The signing of the first major submarine contract between France and Australia in Canberra today coincides with the start of a French language conference at Flinders University.
Federal Education and Training Minister, Senator Simon Birmingham, congratulated the federal and South Australian French teachers’ associations for promoting bilingual and binational education – particularly in light of the signoff on the first contract for the $50 billion Future Submarine Program.
The submarine-building contract with French naval defence company DCNS promises to bring new industry and job opportunities to SA in coming years. After five years of design, the first subs are expected to enter service in the early 2030s.
The three-day Federation of Associations of Teachers of French in Australia (FATFA) event was officially opened by the Ambassador of France to Australia Mr Christophe Lecourtier, who acknowledged the strong commitment to bilateral cooperation between the countries.
At the conference opening, Senator Birmingham emphasised the value of learning a second language at any age, adding it supported overseas study and employment opportunities for students – including via the Federal Government New Colombo and Endeavour student mobility plan programs.
Despite a decline in second-language studies, French continues to lead enrolments for foreign languages taught in Australia, with about 250,000 primary and secondary students, 8,000 tertiary and 1,000 adults learning the language via the Alliance Francaise network.
Hosted by Flinders University, the biennial conference of the FATFA, in conjunction with the yearly SA French Teachers Association (SAFTA), will run until Sunday.
The French Synergies conference aims to facilitate exchange of perspectives on French studies between states and territories to promote language skills and to support educational, business and community partners in linguistic and cultural exchanges.
French language has been taught at Flinders University since its foundation 50 years ago. The University’s French discipline has built a high reputation for research-based teaching in areas as diverse as second-language acquisition, linguistics, migration studies and youth literature. A majority of current teachers of French are Flinders alumni.
Flinders Vice-Chancellor Professor Colin Stirling said Flinders offers a number of courses to build engagement with France, including undergraduate and postgraduate language and teaching courses, cultural awareness and business etiquette. Flinders University is also engaging with the Australian Submarine Corporation to deliver executive training in French culture and language.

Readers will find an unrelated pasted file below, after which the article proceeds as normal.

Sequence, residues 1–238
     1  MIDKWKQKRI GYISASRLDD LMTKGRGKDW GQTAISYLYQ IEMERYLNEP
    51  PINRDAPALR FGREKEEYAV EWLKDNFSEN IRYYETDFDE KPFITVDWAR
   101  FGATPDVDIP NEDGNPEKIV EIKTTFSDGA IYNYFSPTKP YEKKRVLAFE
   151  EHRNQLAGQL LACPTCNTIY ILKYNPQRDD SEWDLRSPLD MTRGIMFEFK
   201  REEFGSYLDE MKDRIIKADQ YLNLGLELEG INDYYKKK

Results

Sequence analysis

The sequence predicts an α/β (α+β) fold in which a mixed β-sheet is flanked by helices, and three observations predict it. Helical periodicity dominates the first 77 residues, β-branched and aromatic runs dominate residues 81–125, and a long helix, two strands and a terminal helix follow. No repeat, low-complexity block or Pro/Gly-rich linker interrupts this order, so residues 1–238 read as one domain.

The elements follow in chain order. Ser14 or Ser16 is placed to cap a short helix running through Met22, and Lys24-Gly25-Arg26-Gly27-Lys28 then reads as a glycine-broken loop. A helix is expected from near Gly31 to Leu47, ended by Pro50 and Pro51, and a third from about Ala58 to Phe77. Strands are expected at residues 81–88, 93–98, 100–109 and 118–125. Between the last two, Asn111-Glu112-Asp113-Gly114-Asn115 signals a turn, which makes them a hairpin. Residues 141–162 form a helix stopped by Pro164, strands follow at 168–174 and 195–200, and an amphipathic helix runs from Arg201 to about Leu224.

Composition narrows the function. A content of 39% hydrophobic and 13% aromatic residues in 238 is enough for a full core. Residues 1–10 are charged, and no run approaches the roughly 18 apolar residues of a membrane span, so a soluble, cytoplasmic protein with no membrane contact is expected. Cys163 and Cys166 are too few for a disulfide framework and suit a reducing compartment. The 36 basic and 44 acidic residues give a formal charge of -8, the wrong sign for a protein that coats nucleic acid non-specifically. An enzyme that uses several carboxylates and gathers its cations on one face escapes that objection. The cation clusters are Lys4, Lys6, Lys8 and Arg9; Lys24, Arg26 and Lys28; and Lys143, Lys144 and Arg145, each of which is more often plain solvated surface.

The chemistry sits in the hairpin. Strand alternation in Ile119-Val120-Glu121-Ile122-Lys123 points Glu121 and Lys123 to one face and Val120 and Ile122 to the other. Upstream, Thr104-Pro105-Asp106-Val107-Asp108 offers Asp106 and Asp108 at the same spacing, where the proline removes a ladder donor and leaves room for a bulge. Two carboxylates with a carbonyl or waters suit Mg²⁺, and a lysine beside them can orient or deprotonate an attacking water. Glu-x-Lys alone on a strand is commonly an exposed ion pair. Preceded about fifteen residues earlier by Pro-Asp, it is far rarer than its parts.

“These various initiatives provide brilliant opportunities to develop greater linguistic and cultural links between France and Australian partners in very real and tangible ways,” Professor Stirling said.
“I trust these bridges that we can build upon and our relationship not only from within the University but the City of Adelaide, the State of South Australia and of course across the nation.”
He said the aims of this conference align with the University’s aims of valuing high-quality teaching, building supportive communities through engagement with education, business and community, and also strengthening global ties by maximising opportunities for cultural and linguistic exchanges between French-speaking countries and Australia.”
Flinders is also building connections with France by joining the ‘Creative France’ consortium launched in South Australia in March 2016, running successful cotutelle relationships with France, and developing valuable direct links with French universities, including:
- The Faculty of Science and Engineering welcoming a group of students from the National Institute of Applied Science of Lyon each semester since 2005 to undertake projects in Adelaide.
- The Business School hosting a flow of students inbound and outbound with the Catholic University of Lyon, to study finance, marketing, law and strategy.
- The areas of French culture, language and International Relations building long-lasting links with the University of Avignon, Grenoble Institute of Political Studies and more recently the University of Francais Rabalais Tours.
Conference convenor Flinders University senior lecturer Dr Colette Mrowa-Hopkins said along with the submarine contract, the new reception-Year 12 French language program in SA presented an “unprecedented opportunity to developer greater connections between French and Australian partners in tangible ways over many years”.
From next year, Reception students at Highgate Primary School’s voluntary French stream will be taught 80 per cent of their lessons in the European language, while Year 7s interested in moving into Unley High School’s special language stream will have daily French lessons.
The following year, Unley High will have a bilingual class in both Year 8 and 9. A complete R-12 French program across the two schools will be in place by 2022 as participating students progress through the year levels.